Using pads in an emergency can be a convenient solution, but it’s important to consider the potential drawbacks as well. It’s also worth noting that everyone’s experience with menstrual products is different, so what works for one person may not work for another.
Pros and Cons of Using a Reusable Pad
Here are some pros and cons of using a reusable pad in an emergency:
- Environmentally friendly: Reusable pads are washable and can be used multiple times, which reduces waste compared to disposable pads.
- Cost-effective: While the initial investment may be more than disposable pads, reusable pads can save money in the long run since they don’t need to be constantly repurchased.
- Comfortable: Many people find that reusable pads are more comfortable and breathable than disposable ones.
- Limited absorbency: Some reusable pads may not have the same level of absorbency as disposable ones, which could lead to leaks or discomfort during heavy periods.
- Cleaning required: Since reusable pads need to be washed after each use, they require more maintenance than disposable ones.
- Initial cost: The upfront cost of purchasing reusable pads may be higher than buying a pack of disposable ones.
Using a reusable pad in an emergency has its benefits and drawbacks. It’s important to weigh these factors and consider personal preferences before making a decision. If you have painful periods, then reusable pads may be a good answer for you!
How do you deal with periods in an apocalypse?
It’s important to be prepared for all situations, including during an apocalypse. One way to deal with periods is to stock up on menstrual products and hygiene supplies ahead of time. Consider using reusable options such as menstrual cups or cloth pads if possible, as they can last longer and are more sustainable in a post-apocalyptic world. It’s also important to maintain good hygiene practices to prevent infection.
What else can I use to help with my period in an emergency?
Menstrual cup and period underwear. Keep in mind that what you use will depend on your menstrual cycle and your blood flow. This is something you have to prepare for in advance, so if you don’t have anything put aside yet, this is your chance!
How do I manage period pain in an emergency?
Sometimes period pain is worse than the actual period. Whether you have irregular periods or regular periods, it’s important to know how to manage pain. If you have a medical condition that brings you a lot of pain with your period, then consider putting a grab bag together with emergency pain medicine to go with your period grab bag. If an emergency strikes, you will have a lack of access to menstrual hygiene management. Make sure you pack different sizes of period supplies!
More Emergency Supplies Tips:
- Are You Prepared for a Medical Emergency?
- 10 Quick Tips For Emergency Supplies
- 7 Tips on How to Refresh Prepping Disaster Supplies Easily
If you are someone who has heavy menstrual bleeding or you are curious about menstrual health in an emergency, these tips should help you a lot. Just because an emergency strikes, it doesn’t mean there will be fewer periods. The best way to manage your period during an emergency is to start now. Grab extra supplies and don’t rely on emergency shelters to have what you need. If there’s something we’ve learned over the years, it’s that disaster preparedness starts with you and this goes for putting together an emergency period kit. May God Bless this World, Linda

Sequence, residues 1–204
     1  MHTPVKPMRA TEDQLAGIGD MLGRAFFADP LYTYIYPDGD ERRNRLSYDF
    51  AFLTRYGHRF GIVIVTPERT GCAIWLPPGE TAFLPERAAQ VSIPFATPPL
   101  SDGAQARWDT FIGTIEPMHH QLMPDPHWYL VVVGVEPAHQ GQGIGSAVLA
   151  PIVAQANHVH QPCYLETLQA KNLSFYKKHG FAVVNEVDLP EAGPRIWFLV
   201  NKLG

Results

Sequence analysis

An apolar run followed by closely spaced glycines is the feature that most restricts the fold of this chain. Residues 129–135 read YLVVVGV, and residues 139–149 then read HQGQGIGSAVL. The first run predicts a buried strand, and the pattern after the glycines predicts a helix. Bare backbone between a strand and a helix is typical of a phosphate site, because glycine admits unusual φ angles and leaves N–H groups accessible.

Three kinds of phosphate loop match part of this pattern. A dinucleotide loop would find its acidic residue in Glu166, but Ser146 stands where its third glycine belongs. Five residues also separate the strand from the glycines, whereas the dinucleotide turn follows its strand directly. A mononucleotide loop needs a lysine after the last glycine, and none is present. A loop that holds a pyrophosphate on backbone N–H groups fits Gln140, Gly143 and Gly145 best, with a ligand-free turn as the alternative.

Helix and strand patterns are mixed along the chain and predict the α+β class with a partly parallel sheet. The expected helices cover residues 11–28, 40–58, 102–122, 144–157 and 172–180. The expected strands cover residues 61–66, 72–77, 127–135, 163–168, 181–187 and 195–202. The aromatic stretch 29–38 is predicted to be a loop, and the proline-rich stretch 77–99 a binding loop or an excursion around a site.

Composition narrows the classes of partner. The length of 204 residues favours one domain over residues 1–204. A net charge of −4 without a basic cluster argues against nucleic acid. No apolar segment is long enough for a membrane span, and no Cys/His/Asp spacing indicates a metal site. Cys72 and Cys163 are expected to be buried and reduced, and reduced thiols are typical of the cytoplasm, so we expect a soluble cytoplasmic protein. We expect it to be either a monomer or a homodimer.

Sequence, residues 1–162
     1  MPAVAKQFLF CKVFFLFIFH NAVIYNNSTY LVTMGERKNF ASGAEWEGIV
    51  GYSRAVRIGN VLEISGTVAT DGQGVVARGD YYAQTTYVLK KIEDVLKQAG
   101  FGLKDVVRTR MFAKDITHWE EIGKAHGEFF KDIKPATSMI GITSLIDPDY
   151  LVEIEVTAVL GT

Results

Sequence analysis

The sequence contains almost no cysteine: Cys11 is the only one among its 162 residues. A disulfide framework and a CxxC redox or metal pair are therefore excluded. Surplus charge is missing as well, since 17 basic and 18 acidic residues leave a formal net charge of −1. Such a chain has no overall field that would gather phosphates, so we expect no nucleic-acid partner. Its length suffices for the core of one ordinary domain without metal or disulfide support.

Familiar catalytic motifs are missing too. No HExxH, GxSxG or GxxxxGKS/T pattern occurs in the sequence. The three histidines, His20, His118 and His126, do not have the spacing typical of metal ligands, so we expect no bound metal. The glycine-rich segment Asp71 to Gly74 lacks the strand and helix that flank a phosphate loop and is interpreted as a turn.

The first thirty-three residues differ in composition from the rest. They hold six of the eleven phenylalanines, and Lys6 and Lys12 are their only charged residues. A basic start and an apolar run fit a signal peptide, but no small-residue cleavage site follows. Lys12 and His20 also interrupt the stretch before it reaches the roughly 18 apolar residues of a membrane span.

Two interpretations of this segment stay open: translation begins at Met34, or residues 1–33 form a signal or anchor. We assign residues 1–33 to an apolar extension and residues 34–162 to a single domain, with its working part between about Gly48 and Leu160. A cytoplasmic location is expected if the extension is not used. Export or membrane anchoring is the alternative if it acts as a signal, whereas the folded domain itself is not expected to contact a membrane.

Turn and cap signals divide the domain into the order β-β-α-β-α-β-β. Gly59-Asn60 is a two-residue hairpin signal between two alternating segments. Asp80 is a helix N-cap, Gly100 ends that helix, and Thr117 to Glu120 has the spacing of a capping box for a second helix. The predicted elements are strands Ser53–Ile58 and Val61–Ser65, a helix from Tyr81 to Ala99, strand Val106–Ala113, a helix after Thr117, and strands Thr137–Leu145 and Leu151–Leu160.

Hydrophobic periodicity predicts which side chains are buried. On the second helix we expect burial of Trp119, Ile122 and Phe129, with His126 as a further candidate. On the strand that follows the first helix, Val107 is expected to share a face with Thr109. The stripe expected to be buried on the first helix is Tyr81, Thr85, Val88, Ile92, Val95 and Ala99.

Copyright Images: Intimate Feminine Hygiene Supplies AdobeStock_406965955 By Imagenatural
11 thoughts on “How to Manage Your Period During an Emergency”
Also want to mention washable period panties. They are super helpful as everyday back ups for young ladies just beginning their cycle and irregularity. Wish they had those when we were young.
Hi Steff, oh thank you for that reminder, yeah those would have been awesome when we were young. I will add those right now. Linda
Like periods, incontinence requires necessary supplies. Often male and female supplies can be adapted for either.
Hi Chris, I totally agree with you. We must stock items for incontinence as well. Linda
Hi Linda! What a great article on an often often overlooked subject!
Vitamin E 1200 iu a day for 3 days just before my period was an effective pain & cramp relief. I had cramps & other related issues so bad that I sometimes passed out. Nothing over the counter helped until I started hunting for alternatives & met 2 very helpful ladies who ran a very good herb & alternative medicine shop. The Vitamin E greatly lessened the cramping & pain. It also mitigated some of the discomfort if taken the first three days of my period when I forgot that was The Week!
Now that I’m weĺl over 60, I’ve joined the Laugh, Cough, Sneeze, OH My group. During the height of the TP shortages, incontinence pads were also hard to find. I saved my money, did my research & ended up purchasing washable incontinence pads from Linda with Drytopia on Etsy. Her double layer pads can even handle the problems from my 20 lb Toby cat launching himself from the top of the dresser & landing directly on my bladder!
Needless to say, I have put away a replacement set of the washable pads, as the ones I got were good for about 300 washes or about 3-4 years use.
I do have a small supply of the disposable pads. We recently used some as a covering on my husband’s surgery site when he had ligaments reattached in his hip. Worked great & gave that area a little padding so the seam of his pants didn’t irritate the incision.
BDN, I do so love your sense of humor. I hate the whole don’t sneeze or cough, or go too far from the nearest bathroom. My doctor predicted this when he delivered my second 9 pound baby boy. All those exercises were a waste of time.
Hi Chris, those exercises, I never did them, good to know they were a waste of time! LOL! Love this, Linda
I use tampons but I’m not going to lie, I’m not where near prepared if there is an emergency. I have a heavy flow so this would this be tough.
Hi Jess, great comment, people need to stock up on these items or at least have the materials to make reusable ones. Linda
Perineum squeeze bottles (commonly used after childbirth) work very well for cleaning.
Hi Lucy, oh great reminder, thank you!! Linda